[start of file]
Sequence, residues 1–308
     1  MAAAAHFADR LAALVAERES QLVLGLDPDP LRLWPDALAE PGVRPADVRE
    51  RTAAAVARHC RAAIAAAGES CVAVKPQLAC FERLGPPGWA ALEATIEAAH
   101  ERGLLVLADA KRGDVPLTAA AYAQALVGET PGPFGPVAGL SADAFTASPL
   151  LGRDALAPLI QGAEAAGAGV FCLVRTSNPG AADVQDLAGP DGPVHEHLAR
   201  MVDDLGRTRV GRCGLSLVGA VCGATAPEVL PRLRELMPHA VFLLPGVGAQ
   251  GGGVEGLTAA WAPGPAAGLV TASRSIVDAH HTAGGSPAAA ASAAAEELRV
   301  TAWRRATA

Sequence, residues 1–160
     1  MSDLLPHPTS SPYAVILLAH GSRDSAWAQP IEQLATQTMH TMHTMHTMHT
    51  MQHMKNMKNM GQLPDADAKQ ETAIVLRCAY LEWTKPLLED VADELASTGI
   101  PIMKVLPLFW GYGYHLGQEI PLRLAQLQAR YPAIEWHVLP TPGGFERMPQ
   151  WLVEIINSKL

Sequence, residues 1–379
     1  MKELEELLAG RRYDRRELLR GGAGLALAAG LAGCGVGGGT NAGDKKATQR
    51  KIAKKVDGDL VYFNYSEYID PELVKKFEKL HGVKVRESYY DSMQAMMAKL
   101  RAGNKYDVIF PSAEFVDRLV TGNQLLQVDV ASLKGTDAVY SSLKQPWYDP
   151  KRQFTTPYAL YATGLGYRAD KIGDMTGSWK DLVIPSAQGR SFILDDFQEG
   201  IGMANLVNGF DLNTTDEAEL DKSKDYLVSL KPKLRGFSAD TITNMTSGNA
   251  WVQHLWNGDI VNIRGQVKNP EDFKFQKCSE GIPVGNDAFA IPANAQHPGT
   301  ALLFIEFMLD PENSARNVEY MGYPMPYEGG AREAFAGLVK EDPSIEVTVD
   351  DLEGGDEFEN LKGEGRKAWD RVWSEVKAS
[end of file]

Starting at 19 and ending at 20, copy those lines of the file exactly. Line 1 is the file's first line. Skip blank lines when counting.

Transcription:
   201  IGMANLVNGF DLNTTDEAEL DKSKDYLVSL KPKLRGFSAD TITNMTSGNA
   251  WVQHLWNGDI VNIRGQVKNP EDFKFQKCSE GIPVGNDAFA IPANAQHPGT